Who's talking about the LEED Dynamic Plaque?
The LEED Dynamic Plaque, our building performance monitoring and scoring platform, is making waves in the news. Read on to find out what the media have to say about this game-changing tool — and visit leedon.io to learn more and get your own!
EDC: LEED: From predicted to measured performance
The LEED Dynamic Plaque is a striking visual display that answers a complex question: “How is my building performing today?” Since “building performance” has meant different things to different people, from energy efficiency to return on investment to carbon emissions, etc., the Dynamic Plaque answers based on what we know works: LEED. Creating the Performance Score required examining all the various LEED rating systems to find the core outcomes we want all of them to accomplish. The Dynamic Plaque also answers the question, “What do we want all LEED buildings to do everywhere in the world?” The LEED Dynamic Plaque is the measurable performance core of all the LEED rating systems.
Fast Company: Ideo's digital scoreboard reveals how LEED buildings really behave
The plaque acts like a visual scoreboard. It tracks how a building performs in five categories: energy, waste, transportation, water, and human experience. Owners can compare their building’s current and past performance and can examine the building’s overall performance relative to comparable structures. Additionally, they can enter the building’s performance data into the USGBC’s online interface as frequently as they want--but the USGBC will require owners to submit building data at least once a year. Occupants are also encouraged to enter data, under the "human performance" section, and add complaints or suggest improvements.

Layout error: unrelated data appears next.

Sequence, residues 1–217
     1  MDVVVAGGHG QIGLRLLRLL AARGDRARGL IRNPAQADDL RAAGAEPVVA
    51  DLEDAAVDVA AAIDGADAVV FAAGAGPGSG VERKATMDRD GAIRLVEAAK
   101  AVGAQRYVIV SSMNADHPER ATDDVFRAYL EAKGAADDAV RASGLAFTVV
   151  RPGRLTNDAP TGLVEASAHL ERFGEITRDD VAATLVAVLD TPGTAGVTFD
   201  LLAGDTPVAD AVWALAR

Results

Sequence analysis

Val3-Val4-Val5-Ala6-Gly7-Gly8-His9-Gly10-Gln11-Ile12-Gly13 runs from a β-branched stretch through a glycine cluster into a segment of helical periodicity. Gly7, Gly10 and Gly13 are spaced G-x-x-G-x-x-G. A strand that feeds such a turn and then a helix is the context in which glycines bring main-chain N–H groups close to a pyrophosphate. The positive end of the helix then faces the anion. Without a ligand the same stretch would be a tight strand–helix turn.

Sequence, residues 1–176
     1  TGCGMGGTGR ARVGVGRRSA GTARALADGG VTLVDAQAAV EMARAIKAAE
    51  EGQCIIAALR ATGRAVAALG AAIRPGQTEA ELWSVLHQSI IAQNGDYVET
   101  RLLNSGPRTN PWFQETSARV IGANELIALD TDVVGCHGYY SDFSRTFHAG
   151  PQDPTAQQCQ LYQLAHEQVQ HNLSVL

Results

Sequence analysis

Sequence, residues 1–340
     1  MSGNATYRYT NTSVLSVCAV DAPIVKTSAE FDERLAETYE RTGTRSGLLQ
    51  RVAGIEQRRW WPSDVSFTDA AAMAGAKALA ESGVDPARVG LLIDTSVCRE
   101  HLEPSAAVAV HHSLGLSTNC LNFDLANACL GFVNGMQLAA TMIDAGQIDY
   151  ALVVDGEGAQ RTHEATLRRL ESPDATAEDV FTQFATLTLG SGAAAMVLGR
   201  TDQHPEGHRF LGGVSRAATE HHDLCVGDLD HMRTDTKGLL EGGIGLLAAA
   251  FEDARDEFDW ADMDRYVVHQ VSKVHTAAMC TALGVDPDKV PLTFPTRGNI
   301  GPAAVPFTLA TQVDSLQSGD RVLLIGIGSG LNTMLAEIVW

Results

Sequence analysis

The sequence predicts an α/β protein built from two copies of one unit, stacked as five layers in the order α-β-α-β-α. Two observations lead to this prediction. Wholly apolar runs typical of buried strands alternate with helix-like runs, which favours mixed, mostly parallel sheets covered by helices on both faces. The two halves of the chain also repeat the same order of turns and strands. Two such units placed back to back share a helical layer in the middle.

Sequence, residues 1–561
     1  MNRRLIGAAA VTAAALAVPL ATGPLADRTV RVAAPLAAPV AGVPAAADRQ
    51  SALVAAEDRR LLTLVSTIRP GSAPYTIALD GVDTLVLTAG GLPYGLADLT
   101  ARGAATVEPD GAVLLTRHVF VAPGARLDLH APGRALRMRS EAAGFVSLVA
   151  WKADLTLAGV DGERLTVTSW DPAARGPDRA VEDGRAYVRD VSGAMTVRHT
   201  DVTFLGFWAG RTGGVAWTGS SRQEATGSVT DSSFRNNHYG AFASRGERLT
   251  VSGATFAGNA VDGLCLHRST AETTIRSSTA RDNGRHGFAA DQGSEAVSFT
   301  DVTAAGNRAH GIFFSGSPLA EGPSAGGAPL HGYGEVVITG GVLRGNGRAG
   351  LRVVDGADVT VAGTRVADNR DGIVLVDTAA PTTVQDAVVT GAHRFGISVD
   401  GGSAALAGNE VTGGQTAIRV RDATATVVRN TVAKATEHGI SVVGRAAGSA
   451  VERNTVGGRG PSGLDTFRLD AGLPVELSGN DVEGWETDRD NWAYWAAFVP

As for the design: The LEED Dynamic Plaque has a simple graphical interface, with colorful bands representing different building performance metrics. “Instead of displaying the information on an axis we decided to put it on a race track,” says Kim Cullen, one of the Ideo designers on the project. The design is intended to be both easy to understand—at a glance you can see how much water your building is consuming compared with the same time last month, for example—and to encourage users to strive for better numbers.
The idea is that the more users know about how their building performs, the more incentive they'll have to adopt behaviors that could help offset architecture's outsize contribution to global environmental woes; in 2010 the building sector was estimated to be responsible for nearly half of U.S. CO2 emissions. “You’re always moving on the racetrack," Cullen says, "there’s always a sense of progress.”
GreenBiz: What makes the LEED Dynamic Plaque a game-changer?
The responsibility for pursuing LEED certification typically falls on the property management firm, a green building consultant, or both. Major property managers such as CBRE and Cushman & Wakefield have boosted their internal capabilities to handle the increased demand for LEED.
However, the relatively static nature of LEED certification leaves the system open to criticism that it is more about strategies than performance. In reality, we see some asset and property managers who consider LEED as a sort of "set it and forget it" commitment. By further opening up LEED certification to continuous monitoring, the LEED Dynamic Plaque allows investors, asset managers and even tenants to demand an actively-managed LEED score.
Visit leedon.io to learn more about the LEED Dynamic Plaque and sign up for a demo to see it in action.